Dodge / Ram
by Pete Jackson.
Perform any repairs at your own risk and with due diligence.
I pulled the rubber "carpet" out of my 1987 Jeep Cherokee XJ this morning and took care of the rust on the floor. This project took just three hours, and should be similar for other vehicles (not just Jeeps). You will need:
First remove the front seats, using the 3/8" drive ratchet with the deep 13mm socket to remove the two front nuts, and two rear bolts that hold down the seats.
Once the nuts and bolts (don't forget about the washers under the rear bolts) are out, lift the seats out of the Jeep. If the nuts under the rear seat mounts break their spot welds, use another 13mm wrench to hold them still so you can unbolt them.
Use the utility knife to cut the carpet into manageable pieces, and remove them from the vehicle. You could just lift the carpet out as one piece, but it doesn't fit in most towns' garbage cans in one piece. My rubber liner was already torn, so this was easy to do.
Most of the rust was on top of the paint, with a few bad spots here and there.
Coarse grit flap discs work great for eating rust!! Grind any rusty spots down to bare metal.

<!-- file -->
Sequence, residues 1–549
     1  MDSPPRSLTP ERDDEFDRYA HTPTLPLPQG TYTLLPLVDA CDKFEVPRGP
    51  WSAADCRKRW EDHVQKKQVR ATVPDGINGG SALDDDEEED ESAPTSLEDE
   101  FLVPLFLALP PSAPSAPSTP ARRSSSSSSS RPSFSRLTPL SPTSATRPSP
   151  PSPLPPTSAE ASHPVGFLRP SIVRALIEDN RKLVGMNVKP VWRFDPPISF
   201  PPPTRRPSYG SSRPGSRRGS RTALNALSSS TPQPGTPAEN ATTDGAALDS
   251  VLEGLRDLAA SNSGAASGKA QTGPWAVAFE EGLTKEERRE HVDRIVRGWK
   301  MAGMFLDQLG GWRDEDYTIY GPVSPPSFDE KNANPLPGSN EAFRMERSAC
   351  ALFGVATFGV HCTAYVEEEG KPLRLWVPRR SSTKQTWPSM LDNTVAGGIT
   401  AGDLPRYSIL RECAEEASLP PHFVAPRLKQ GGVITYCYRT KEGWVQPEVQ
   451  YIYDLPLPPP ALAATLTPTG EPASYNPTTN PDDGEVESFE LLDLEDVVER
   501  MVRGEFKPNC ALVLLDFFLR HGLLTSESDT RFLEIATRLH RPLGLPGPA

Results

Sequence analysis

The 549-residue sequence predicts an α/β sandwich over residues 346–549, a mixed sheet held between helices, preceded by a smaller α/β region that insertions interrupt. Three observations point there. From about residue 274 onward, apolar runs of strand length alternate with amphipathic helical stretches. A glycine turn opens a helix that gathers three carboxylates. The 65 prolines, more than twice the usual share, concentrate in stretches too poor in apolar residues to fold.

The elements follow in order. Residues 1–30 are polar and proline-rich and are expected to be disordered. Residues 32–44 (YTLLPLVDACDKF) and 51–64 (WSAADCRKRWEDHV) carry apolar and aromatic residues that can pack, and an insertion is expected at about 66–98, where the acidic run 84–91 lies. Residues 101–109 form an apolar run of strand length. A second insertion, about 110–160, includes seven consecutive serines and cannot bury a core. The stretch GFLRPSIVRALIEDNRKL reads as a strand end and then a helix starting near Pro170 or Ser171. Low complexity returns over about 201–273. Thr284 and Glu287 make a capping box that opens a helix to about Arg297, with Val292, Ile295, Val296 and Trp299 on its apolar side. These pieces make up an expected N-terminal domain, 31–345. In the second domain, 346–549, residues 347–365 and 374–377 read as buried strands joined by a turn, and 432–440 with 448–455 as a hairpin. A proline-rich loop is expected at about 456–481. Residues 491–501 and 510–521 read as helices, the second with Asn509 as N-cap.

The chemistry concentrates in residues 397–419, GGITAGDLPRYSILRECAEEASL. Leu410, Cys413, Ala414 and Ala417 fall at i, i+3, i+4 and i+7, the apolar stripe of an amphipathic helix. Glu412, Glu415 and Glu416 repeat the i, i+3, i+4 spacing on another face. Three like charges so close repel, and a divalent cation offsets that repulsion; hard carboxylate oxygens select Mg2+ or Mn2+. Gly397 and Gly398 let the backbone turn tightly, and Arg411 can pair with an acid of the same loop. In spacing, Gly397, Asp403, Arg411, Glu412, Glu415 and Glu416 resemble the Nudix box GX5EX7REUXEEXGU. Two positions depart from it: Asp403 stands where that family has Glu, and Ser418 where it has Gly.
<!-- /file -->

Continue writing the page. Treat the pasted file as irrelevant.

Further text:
I sprayed the giant dark spot with rust converter after grinding on it. Only one pinhole here, directly below the brake pedal.
I painted the floor with primer and paint to seal it up. I then filled the government radio and equipment holes with silicone sealer. I will be repainting the trim and console, so I little overspray won't hurt me here. Re-install your seats and you're good to go!!
The interior is a little noisier at freeway speeds and maybe a little warmer without the insulation and carpet. If you want to quiet it down, then go and buy some new carpet from the dealer, but be warned, it's the carpet that caused the rust in the first place by never getting fully dry, so you may have to redo this in a couple years.
Since doing this repair I realized I need to Herculine the floor, as my paint is slowly disappearing from the sand that comes off the beach from our shoes. You can do this yourself or have a place like Line-X do it. The bedliner material deadens noise and make the interior washable by garden hose — pull the plugs and hose away! (Be careful not to splash the electricals, and make sure anything electrical has insulation in good shape - and make sure everything is completely dry before putting seats back in.
The bed-liner material could also have carpet re-installed on top of it without the rust returning due to wet carpeting.
I intend to buy boat plugs for the floor, to ditch the factory drain plugs for something that is a little more user friendly.
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